Washington: Americans are Republican or Democrat, right or left, red or blue.
But there are shades of colour that aren't captured by those broad categories.
A new paper from the Brookings Institution by government expert Paul C. Light explores a more perceptive way to classify voters, one based more directly on their view of government. Light, a professor of public service at New York University, places voters in four boxes – dismantlers, expanders, streamliners and rebuilders.
US President Donald Trump
There's bad news for those who see government as the problem – the dismantlers' box is shrinking. They are in retreat, while the rebuilders, who want more and better government, are advancing.
This has important implications not just for elections this year and in 2020, but also for government agencies, federal employees and services to the public.
President Donald Trump, of course, is the chief dismantler. While losing the 2016 popular vote, he drove to an electoral college victory with a "drain the swamp" message. Just a month after the inauguration, Steve Bannon, then the White House's chief strategist and intellectual architect, urged a daily fight for the "deconstruction of the administrative state."
Why so many conspiracies? QAnon followers at a Donald Trump rally.
Before we get too deep into more Washington jargon, let's define who is what. Light described the four groups he has tracked for years:
— Dismantlers "think we should cut government back greatly and reform it to reduce fraud, waste, and abuse."
— Expanders "want more of what government delivers but are generally content with how government is working today."
— Streamliners "think we should cut government but are also generally content with how government is working."
— Rebuilders "want more of what government delivers and want major reform."
Generally, Republicans favour dismantling and streamlining, while Democrats are in the expanding and rebuilding camps. Rebuilders are much more racially and ethnically diverse. They are 52 per cent white, 22 per cent black and 17 per cent Latino. Dismantlers are 80 per cent white, with blacks and Hispanics in single digits. Almost two-thirds of dismantlers are men. Women are 55 per cent of the rebuilders.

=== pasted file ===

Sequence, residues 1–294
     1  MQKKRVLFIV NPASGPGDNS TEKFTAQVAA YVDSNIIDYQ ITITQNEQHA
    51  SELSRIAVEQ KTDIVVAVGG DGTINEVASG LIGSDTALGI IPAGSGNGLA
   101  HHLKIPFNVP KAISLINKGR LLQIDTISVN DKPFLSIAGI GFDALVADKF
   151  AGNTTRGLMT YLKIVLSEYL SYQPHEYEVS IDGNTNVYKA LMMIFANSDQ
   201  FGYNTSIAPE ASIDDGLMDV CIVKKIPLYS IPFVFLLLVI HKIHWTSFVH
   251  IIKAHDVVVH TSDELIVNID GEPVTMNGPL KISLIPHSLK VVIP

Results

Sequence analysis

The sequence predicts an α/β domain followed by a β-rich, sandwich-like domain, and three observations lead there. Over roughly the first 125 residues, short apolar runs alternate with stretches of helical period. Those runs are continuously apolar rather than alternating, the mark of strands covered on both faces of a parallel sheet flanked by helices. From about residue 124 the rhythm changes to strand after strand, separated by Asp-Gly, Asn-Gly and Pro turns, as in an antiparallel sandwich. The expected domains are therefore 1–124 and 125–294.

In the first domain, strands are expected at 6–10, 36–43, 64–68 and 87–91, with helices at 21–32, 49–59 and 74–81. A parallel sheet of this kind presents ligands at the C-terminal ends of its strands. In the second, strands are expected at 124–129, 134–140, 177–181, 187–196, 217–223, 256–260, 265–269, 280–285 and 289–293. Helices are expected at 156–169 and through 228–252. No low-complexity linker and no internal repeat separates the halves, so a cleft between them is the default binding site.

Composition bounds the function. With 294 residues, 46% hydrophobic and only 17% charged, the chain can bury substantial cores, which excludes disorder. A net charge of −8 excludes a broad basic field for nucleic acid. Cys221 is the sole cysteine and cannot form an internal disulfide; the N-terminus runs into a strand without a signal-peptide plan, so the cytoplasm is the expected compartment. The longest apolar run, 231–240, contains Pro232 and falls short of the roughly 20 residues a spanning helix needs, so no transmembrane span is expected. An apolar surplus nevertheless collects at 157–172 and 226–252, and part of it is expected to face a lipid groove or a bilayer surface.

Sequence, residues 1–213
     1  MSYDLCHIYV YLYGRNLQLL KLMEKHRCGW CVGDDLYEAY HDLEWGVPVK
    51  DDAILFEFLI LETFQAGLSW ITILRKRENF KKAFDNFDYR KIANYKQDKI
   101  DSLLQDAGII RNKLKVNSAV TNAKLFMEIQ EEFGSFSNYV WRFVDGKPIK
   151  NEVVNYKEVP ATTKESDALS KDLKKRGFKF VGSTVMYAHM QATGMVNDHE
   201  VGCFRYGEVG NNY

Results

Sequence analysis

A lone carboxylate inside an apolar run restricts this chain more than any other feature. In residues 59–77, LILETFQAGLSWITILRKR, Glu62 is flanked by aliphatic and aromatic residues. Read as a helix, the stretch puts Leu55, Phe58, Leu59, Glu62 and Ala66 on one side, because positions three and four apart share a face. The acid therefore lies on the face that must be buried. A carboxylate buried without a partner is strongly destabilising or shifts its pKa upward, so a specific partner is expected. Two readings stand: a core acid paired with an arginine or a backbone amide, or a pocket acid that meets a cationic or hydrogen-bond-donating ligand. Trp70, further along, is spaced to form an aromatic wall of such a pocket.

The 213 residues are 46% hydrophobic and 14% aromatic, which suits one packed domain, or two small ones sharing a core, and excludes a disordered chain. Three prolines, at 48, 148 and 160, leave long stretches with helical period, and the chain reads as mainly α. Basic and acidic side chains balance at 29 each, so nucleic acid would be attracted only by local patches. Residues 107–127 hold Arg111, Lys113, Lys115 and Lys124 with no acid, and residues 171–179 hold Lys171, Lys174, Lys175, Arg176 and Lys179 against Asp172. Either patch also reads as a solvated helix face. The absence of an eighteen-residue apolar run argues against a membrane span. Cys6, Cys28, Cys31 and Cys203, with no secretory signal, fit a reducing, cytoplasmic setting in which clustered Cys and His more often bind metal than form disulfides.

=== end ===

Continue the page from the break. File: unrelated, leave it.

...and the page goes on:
After reviewing survey data from the Pew Research Centre, Princeton Survey Research Associates and SSRS, a survey and market research firm, Light's study found that those who identify as dismantlers rose from 9 per cent in 2001 to 43 per cent in 2016. But their portion dropped to 35 per cent this year.
"What makes this all particularly interesting for 2018 is that Trump's base has actually shrunk over the past two years," Light said by email. The eight-point fall for dismantlers is "a statistically significant drop and a change well worth noting. My new analysis suggests that they may have fallen because the president is going too far."
Apparently, Congress thought Trump went too far with his fiscal 2018 budget proposal to dismantle 19 agencies. Congress has funded, not eliminated, them.
"As the dismantlers became more ideologically intense, they may have driven some . . . less ideological supporters toward the exits," Light's report says. ". . . Trump's divisive message and angry policies may have produced great political theater at his rallies at the expense of party-building."
Before big-government types start high-fiving, read on.
The expanders, who Light said "embraced" Democratic presidential candidate Hillary Clinton, also are falling. With a 38-percentage point plummet from their 2001 high of 55 per cent, their drop has been the steepest of all. Meanwhile, the streamliners group remains "stuck in the mid-teens where it has languished for more than a decade."
That leaves rebuilders as the group to watch. From a low of 16 per cent in 1997 and 2010, they now are at 31 per cent. That's slightly below the dismantlers, but the rebuilders are on the rise, by nine percentage points since 2015.
"The rebuilders now have the momentum to win a plurality in the midterm elections and are on track to becoming a president-maker in 2020, even as the dismantlers fight to maintain control," Light's study says. "It is time to prepare for a bitter face-off between the two positions."
John Della Volpe, director of polling at the Harvard Kennedy School, said Light's "analysis aligns well with our ongoing tracking of views of young Americans toward politics, government and public service. Over the last several years, we have identified a growing interest of younger Americans in government taking a more significant role in addressing a host of challenges – from health care, to the environment, education and poverty."
Although Trump didn't eliminate the 19 agencies, he has had some success on the dismantling front, notably in gutting government regulations. His tax cuts and appointments of conservative judges also play well among dismantlers.
Yet only 9 per cent of dismantlers gave government an excellent or good rating in June, 17 months after Trump took office. Conversely, that rating was 45 per cent among expanders.
"Trump's dilemma is clear," Light said. "The more he attacks federal employees and promotes his deep-state conspiracies, the less credit he gets for very major reform. He told his supporters that he alone could fix it, after all. So why is government still rife with corruption and conspiracy?"
The Washington Post
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